For the present, Lawrence has to rely on her Farmer’s Market job for spending money and to save for college, but she continues to labor at her passion as well. “I hope that at some point we can make money,” she says of The Iridescent, “I’d really like to pursue music as a career, I’d love to go on tour sometime.”
Julia Ambrose had her summer all set a few months ago. Like many teens looking to work full time, though, she had to piece a couple of jobs together. And it’s a good thing that she loves children, because she’s spending most of her mornings, her afternoons, and even some of her evenings with them.
Ambrose landed both of her jobs because of work she’s done in the past. Over the last two years, for example, the sixteen-year old babysat occasionally for a family friend; that led to a position this summer nannying a couple of preschoolers three days a week. At first, she grappled with the question that’s dogged many a parent: what do I do with the kids all day? It was daunting to have eight or nine hours to fill; Ambrose worried that her charges would miss mom or get bored.
But she drew on creative reserves she didn’t realize she had to come up with itineraries for each day, so there are no “now what?” moments. “It’s surprising how many different things you can do with kids,” she says, “and the more I get to know them, the more ideas I have.”
On the days that she’s not playing hide and seek or whipping up macaroni and cheese, Ambrose is often lifeguarding at the Woodstock Recreation Center pools. It’s a job she had last summer as well; to get it she had to pass Red Cross certification courses in lifesaving and cardiopulmonary resuscitation. She works her assigned shifts and often fills in when other guards can’t make theirs.
And although she’s said “please don’t run” more times, to more kids than she can count, she recognizes the gravity of her job. “It’s important,” she says, “you are responsible for the lives of the kids who are swimming.” Next year, she hopes to advance to swimming instructor.
There is still time for teens to find summer work, says Elizabeth Craib, the coordinator of the Woodstock Area Job Bank, which connects businesses and individuals who need paid help with locals who are looking for work. While she hasn’t seen lots of summer-long, full time jobs specifically earmarked for teens, there are opportunities for high schoolers who are willing to do odd jobs. Last week, for example, she had several calls for help with a few hours or days of gardening and yard work; she also gets requests for babysitters. And, she adds, there are local openings that aren’t included in the Job Bank’s listings. “I encourage kids to get out there and see what is available,” says Craib, “walk around and apply, look nice, show that you are reliable, enthusiastic, and conscientious.”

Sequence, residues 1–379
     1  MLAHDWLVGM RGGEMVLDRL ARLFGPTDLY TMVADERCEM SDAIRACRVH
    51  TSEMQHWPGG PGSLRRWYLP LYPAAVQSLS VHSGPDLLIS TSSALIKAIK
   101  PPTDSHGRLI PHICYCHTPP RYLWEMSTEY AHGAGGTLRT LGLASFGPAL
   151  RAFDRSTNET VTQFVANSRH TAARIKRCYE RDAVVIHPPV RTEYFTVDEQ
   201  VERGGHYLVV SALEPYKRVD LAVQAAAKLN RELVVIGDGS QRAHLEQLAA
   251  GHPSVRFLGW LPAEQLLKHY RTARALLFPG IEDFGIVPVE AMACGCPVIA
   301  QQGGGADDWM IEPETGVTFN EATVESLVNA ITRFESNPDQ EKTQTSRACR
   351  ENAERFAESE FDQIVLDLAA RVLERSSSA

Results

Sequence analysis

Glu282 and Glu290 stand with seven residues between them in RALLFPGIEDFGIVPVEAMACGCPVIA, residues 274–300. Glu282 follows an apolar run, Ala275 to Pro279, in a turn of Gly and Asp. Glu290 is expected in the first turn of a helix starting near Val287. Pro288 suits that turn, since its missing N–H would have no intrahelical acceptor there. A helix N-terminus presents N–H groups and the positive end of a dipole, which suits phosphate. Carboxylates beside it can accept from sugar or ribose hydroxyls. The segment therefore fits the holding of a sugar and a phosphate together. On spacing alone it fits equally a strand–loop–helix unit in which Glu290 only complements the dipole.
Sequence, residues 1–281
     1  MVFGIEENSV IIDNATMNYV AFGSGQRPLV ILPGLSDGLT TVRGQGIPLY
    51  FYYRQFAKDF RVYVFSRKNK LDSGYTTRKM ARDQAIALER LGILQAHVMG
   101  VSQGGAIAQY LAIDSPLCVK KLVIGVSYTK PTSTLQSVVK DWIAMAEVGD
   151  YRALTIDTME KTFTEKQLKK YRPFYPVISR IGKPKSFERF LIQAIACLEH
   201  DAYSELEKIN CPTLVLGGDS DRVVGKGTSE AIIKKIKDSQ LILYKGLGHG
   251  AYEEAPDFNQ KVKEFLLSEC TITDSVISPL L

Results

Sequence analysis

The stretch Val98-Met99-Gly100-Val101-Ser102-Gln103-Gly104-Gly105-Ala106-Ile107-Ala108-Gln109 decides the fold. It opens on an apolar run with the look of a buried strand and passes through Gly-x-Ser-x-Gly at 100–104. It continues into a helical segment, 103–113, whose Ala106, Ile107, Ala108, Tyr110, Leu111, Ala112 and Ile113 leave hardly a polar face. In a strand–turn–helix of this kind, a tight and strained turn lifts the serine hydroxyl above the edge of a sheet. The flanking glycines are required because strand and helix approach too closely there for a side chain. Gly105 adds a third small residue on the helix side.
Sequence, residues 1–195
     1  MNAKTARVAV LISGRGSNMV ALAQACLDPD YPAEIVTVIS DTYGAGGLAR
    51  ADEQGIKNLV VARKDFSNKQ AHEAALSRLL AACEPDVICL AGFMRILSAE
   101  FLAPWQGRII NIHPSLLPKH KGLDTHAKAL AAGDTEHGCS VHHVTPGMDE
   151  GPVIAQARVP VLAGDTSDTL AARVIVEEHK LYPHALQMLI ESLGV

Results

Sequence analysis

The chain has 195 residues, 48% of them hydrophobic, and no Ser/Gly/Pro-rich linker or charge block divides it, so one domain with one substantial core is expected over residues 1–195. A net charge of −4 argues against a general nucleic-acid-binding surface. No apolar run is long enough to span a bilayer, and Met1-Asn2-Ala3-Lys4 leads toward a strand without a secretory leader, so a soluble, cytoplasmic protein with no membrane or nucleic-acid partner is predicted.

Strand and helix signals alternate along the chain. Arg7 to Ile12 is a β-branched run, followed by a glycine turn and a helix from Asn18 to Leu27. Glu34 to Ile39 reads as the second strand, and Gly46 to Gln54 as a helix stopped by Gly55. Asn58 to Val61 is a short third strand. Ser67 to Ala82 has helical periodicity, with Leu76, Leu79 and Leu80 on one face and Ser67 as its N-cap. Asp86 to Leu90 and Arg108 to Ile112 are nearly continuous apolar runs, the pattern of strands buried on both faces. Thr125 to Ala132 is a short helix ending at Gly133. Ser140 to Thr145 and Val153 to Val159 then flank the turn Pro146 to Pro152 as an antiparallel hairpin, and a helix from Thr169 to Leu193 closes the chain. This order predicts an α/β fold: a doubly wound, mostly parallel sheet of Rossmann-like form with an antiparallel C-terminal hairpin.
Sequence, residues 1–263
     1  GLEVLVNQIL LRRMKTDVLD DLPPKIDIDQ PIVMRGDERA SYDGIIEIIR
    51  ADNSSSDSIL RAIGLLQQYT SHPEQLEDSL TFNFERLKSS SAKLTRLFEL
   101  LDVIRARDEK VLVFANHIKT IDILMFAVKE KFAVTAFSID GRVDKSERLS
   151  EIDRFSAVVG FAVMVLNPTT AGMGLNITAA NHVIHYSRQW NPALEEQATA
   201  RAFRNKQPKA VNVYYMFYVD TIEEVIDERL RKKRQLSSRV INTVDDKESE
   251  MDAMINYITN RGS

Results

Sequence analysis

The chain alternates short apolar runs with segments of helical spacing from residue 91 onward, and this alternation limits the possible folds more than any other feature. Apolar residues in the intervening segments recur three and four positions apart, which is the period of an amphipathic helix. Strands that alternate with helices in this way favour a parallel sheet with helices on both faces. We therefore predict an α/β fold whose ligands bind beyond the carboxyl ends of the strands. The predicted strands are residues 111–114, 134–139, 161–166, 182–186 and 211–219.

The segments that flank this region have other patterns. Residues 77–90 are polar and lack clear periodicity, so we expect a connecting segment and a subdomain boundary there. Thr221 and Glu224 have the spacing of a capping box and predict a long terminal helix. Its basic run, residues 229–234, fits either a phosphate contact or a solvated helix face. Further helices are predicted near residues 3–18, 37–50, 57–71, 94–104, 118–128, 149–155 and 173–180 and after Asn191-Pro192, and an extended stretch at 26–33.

Teens shouldn’t shy away from tapping into their parents‘ friends and acquaintances, either. “I think local employers often want to hire someone that they know, that they’ve heard of,” she adds, “so networking is key.” Investing a few months in volunteer work this summer may also help currently jobless teens find paid work next year. There are a number of weeks yet remaining before school starts up again; Craib invites teens to come to the Job Bank office in Woodstock’s Town Hall to register and see what’s available.
Vermont does have a couple of programs to help teens find jobs, says the Department of Labor’s Lucenti. The Department’s homepage has an on-line “JobLink” service, anyone who registers can look through its job listings; some may be appropriate for high-schoolers. There are also twelve Resource Centers across the state that maintain bulletin boards with job postings, locations include White River Junction, Springfield, and Rutland. And, for kids who meet the eligibility requirements established by the federal Workforce Investment Act, there is a job mentoring program. “it’s a program that is designed to assist low income individuals facing employment barriers,” says Lucenti, “kids that may need a little more help to level the playing field.” Counselors work with teens who may have had troubles with the law or who have learning disabilities, for example, to find, and keep, work.
The Woodstock Job Bank office is in the Woodstock Town Hall, 31 The Green, telephone 802-457-3835. The website address for the Vermont Department of Labor is www.labor.vermont.gov, Vermont JobLink is on the upper left side of the page. Regional Resources Centers can be reached at the following telephone numbers: Rutland, 802-786-5837; Springfield, 802-885-2167; White River Junction, 802-295-8805.